Skol, The Viking Toast

Skol is a word derived from the languages spoken in Scandinavian and Nordic countries is used to make a toast.

Skol would correspond to English “Cheers!” and was also used during battle. During the invasions of the Middle Ages, the Vikings shouted “skål” to each other to encourage each other to continue fighting or to give even more, i.e. to encourage each other. A kind of “come on! let’s win the battle so we can drink from his skull!”. It was definitely shorter and easier to say “skol”, especially when you’re fighting, I guess and that facet, the term evolved into what is nowadays “skål”.

Nowhere as much as at the Swedish table, especially in toasting, are manners important.

Never touch the glass first; you must wait until one of the hosts, usually the man, raises his glass before everyone. Do not drink. Everyone should respond to the uttered “skål” (meaning “joyful” and pronounced skol) with a collective “skål”. Then everyone bows their glasses to the host and hostess. Prolonged eye contact is imperative before, during and after the measured sip to appreciate the liquor. Do not empty your glass. The meal has begun.

Skål is a Nordic word to express something good, either to give encouragement or strength and to give more or perform better, or to seal a group or individual toast to what we wish to happen.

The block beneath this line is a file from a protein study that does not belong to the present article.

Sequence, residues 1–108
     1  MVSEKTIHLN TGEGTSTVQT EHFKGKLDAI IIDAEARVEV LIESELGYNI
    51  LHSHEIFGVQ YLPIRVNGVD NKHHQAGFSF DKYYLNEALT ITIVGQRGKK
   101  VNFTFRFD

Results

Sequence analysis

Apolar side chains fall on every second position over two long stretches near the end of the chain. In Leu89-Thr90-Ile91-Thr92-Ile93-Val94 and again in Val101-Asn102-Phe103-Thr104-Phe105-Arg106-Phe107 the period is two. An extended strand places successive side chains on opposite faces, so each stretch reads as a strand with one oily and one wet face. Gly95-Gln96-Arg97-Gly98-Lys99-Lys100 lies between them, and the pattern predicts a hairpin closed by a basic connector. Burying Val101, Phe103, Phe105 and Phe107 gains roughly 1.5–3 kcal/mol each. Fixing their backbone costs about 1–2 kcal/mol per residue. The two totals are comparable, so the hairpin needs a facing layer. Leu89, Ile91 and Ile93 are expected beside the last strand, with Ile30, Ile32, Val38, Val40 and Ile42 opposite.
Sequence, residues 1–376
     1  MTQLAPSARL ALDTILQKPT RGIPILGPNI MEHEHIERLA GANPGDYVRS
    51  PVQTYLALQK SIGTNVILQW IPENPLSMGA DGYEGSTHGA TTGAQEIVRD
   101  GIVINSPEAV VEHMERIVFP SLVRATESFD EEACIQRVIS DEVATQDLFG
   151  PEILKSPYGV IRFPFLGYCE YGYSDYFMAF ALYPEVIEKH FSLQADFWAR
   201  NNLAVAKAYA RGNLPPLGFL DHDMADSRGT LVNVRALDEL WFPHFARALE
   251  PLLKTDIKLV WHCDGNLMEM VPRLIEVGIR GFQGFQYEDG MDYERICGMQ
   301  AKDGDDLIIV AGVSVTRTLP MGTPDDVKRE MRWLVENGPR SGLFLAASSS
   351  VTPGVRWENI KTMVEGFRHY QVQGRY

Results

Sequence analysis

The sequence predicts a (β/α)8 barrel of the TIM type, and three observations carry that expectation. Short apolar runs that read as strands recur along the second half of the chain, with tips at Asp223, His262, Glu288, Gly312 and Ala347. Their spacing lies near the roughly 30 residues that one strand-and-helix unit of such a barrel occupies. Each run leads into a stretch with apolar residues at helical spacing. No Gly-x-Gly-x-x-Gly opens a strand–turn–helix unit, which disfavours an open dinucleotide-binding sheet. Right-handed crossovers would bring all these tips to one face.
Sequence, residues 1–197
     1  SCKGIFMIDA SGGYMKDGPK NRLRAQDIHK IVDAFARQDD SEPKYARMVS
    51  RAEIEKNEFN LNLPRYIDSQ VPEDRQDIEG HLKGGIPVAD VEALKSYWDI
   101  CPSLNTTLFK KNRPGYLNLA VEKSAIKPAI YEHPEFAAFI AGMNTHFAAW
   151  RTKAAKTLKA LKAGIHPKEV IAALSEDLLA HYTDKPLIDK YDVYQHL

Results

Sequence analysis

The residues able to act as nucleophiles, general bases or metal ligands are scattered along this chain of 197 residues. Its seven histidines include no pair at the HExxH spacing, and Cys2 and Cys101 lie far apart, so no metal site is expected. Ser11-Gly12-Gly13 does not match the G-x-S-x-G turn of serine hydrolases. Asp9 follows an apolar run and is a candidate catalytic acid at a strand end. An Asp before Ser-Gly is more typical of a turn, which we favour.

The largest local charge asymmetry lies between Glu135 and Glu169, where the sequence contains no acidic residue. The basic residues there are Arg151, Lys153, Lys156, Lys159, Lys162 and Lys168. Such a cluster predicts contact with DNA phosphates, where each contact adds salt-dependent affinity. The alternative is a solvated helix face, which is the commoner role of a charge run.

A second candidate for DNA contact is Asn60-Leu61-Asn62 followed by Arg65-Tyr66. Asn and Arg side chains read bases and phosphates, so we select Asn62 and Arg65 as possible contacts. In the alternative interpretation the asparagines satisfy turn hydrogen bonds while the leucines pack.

On the other hand, a skål is a term also used to define a bowl, a concave container.

From here on or during the dinner at the Swedish table we were referring to; talking will still play a role, but the procedure is individualized and personal. Guests talk to each other. You are free to toast with anyone except the hostess. She can toast with whomever she wishes. This is insurance to prevent the hostess from getting drunk. Of course, it is tempting for everyone to toast with her as a token of appreciation.

The roots of this alcohol-related tradition could be found in the times of the Vikings. They always lived in danger, and no one was to be trusted. The norm was to toast with a “friend” looking directly into each other’s eyes and with one arm behind the back to avoid a quick cut throat.

Today you can buy wine and spirits only at government places, called Systembolagett. Caution is part of Swedish nature, and the alcohol rituals prove it.

Viking warriors, when victorious, used to behead the leader of the side they had fought against, and drink from his polished skull called (skoll).

Returning to the table, most of the rules will be somewhat familiar to you, they are just practiced in a more accentuated form. We leave you with your Swedish hosts now.

As a foreigner is granted a certain freedom of action, of course within the strict respect of customs you have freedom of action, but whatever you do, do not take the bottle when you leave. After this transgression there is certainly no redress possible.


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